Lizzie Marbach, communications specialist for Ohio Right to Life, was fired last week after her social media post that repeated one of the fundamental tenets of the Christian faith was challenged by a Jewish Republican U.S. congressman.
Marbach wrote from her personal account on X, formerly Twitter: "There's no hope for any of us outside of having faith in Jesus Christ alone." Rep. Max Miller (Ohio-R) responded with his own post saying: "This is one of the most bigoted tweets I have ever seen. Delete it, Lizzie. Religious freedom in the United States applies to every religion. You have gone too far." Miller's wife sits on the board of Ohio Right to Life.
Congressman Miller quickly apologized after widespread backlash, but Marbach was fired two days after the online dust-up.
Marbach was interviewed on American Family Radio Monday morning. "I'm hoping that what I'm going through will really inspire everyone across the country, Christians specifically, to stand up, speak the truth and not be afraid of the consequences," she shared.
Joining forces with Miller was Casey Weinstein, an Ohio state representative, who became the second elected official to oppose Marbach.
Plenty of others, however, had her back. Marbach had lots of support among the more than 12,000 replies and reposts of Miller's rebuke – even from unlikely sources like far-left Minnesota Democratic Rep. Ilhan Omar.
Seth Dillon with The Babylon Bee suggested Miller should have blamed the post on his account being hacked.
But for all the support Marbach received, none of it came from her employer – Ohio Right to Life.
Internal communications at Ohio Right to Life reviewed by The Sentinel showed that Marbach was offered the opportunity to resign from the entity or receive a transition period before her official dismissal, both of which she declined.
"I think that the right-to-life movement as a whole has been overtaken by this kind of political correctness. And [it's very sad that some] people who get involved … really just see it as an opportunity to raise their own name, to build up their own pocket rather than actually fighting against murder." (Lizzie Marbach)
It was building to this point
The firing may have been the breaking point in a deteriorating relationship with between Marbach and Ohio Right to Life, The Sentinel's Ben Zeisloft told show host Jenna Ellis.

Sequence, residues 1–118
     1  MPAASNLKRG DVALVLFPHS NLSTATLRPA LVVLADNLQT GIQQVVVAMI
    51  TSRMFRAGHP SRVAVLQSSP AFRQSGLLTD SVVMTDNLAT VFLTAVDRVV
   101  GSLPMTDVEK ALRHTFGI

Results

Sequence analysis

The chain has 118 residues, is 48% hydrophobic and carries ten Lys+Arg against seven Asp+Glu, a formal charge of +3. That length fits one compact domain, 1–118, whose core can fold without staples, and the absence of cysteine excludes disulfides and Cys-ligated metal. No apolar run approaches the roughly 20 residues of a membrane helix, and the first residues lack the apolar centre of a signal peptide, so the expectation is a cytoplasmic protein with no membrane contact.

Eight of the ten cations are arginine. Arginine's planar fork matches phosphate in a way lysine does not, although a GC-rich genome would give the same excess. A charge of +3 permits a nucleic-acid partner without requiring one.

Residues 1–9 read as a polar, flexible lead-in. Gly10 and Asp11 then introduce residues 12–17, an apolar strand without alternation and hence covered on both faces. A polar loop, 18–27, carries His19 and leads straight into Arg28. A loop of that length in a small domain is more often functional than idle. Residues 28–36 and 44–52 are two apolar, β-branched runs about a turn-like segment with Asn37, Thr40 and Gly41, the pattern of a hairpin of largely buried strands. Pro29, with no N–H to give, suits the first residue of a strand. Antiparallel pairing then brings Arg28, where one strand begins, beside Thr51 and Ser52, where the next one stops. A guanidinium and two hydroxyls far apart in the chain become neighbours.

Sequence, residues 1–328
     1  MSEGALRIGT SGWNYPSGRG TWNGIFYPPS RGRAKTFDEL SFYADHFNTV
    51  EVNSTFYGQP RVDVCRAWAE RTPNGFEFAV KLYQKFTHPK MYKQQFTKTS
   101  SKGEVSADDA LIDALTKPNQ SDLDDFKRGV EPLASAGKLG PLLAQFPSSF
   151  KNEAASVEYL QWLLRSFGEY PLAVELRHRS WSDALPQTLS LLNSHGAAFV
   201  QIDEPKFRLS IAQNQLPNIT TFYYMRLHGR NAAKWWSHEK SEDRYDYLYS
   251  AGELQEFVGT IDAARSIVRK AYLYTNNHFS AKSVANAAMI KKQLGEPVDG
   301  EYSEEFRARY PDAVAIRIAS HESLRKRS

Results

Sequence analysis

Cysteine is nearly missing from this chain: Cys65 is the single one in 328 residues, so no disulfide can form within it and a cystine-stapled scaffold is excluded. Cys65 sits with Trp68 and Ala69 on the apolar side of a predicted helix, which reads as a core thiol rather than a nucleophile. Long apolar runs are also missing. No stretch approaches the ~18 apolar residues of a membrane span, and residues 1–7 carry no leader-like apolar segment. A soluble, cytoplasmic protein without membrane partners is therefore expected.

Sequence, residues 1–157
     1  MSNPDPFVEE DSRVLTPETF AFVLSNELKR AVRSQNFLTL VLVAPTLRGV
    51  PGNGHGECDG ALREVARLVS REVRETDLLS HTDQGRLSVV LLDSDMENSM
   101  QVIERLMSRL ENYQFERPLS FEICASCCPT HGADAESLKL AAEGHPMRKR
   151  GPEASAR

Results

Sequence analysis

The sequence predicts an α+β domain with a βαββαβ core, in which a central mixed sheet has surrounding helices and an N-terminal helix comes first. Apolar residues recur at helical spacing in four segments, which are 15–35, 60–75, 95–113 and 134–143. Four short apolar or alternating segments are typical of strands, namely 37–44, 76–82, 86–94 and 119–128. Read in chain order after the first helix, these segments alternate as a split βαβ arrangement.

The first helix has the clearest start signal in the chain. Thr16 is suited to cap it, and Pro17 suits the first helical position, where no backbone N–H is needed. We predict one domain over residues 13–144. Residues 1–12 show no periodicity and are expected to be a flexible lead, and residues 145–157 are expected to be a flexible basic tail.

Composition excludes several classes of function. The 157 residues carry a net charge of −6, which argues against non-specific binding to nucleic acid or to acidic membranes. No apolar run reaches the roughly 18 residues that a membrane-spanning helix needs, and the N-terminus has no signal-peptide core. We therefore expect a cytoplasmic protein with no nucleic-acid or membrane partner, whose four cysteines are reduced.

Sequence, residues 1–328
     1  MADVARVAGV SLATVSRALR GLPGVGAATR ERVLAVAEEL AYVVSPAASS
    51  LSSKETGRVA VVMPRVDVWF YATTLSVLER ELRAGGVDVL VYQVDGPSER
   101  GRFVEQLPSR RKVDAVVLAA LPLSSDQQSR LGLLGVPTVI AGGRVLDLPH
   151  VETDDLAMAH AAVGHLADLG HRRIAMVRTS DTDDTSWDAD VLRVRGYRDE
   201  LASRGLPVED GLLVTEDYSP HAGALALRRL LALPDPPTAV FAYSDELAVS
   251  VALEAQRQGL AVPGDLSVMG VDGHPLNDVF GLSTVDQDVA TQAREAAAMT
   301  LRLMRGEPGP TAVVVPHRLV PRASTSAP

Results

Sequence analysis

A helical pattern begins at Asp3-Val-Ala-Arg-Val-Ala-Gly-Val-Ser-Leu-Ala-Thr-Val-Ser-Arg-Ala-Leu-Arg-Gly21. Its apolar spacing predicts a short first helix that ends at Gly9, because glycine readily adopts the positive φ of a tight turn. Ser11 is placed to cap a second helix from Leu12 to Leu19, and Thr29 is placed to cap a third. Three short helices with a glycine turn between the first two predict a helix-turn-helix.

"A few days before she was dismissed after the Max Miller incident, she and a superior disagreed about her calling a pro-abortion activist a 'murderous liar.' That pro-abortion activist happened to be advocating for murder and lying, of course," said the journalist.
"We obtained some texts showing that disagreement, and the superior was worried about the 'tone' of the tweet. That was the word that kept coming up. So, this seems to have been a long time coming, not because of Lizzie's lack of service or anything like that but because of the disagreement on philosophy. And that culminated, of course, with her getting on the wrong side of a Republican congressman whose wife was on the board," Zeisloft said.
Ohio Right to Life had sought a softer tone in the abortion discussion before. The group opposed Heartbeat Bill legislation that reached the desk of then-Gov. John Kasich in 2016, prompting the Columbus Dispatch to describe the state's pro-life movement as "bitterly divided."
Ohio Right to Life said it opposed the heartbeat bill on the grounds that it could have been ruled unconstitutional in federal court. The group instead asked Kasich to sign a bill with a 20-week abortion ban.
"It is recognized in Ohio and across the nation as the best and only realistic approach to not only save unborn lives now, but also to serve as a direct challenge to Roe v. Wade," board chair Marshal Pitchford and president Michael Gonidakis wrote to Kasich then. Both men are still with Ohio Right to Life.
In Marbach's opinion, Ohio Right to Life takes a position that doesn't go far enough to save unborn lives.
"There was almost a decade-long fight where Ohio Right to life opposed the heartbeat bill. Their president, Mike Gonidakis, infamously opposed the heartbeat bill and other things that would have restricted abortion even stronger than Ohio already had," Marbach said.
Decision-makers drive softer policy stance
Not all within the organization agree with the softer approach from a group whose name touts being pro-life, but the decision-makers drive policy.
"Ohio Right to Life has made it unfortunately clear that they are more concerned with retaining their political influence and their ability to go to these high-dollar dinners than they are in actually ending abortion and abstinence," Marbach argued, adding that many within the organization "would become flabbergasted" when they would see pushback for calling abortion murder.
"Why aren't we acting on that? Why are we comfortable with taking these small strides or these small compromises that might move us an inch towards where we're trying to go, but it's not actually saving any preborn lives?" Marbach asked.
Zeisloft said Ohio Right to Life's treatment of Marbach – in addition to policy decisions – should make conservatives take a long look at the pro-life groups they're supporting with their cash.
"The Republican Party and their apparatuses, which would include a higher right to life, they're under the impression that they need a big tent," he explained. "And so, Christians are donating to organizations like that and thinking that they're there to end abortion."
In reality, according to Zeisloft, advancing the pro-life cause is "not always the first priority."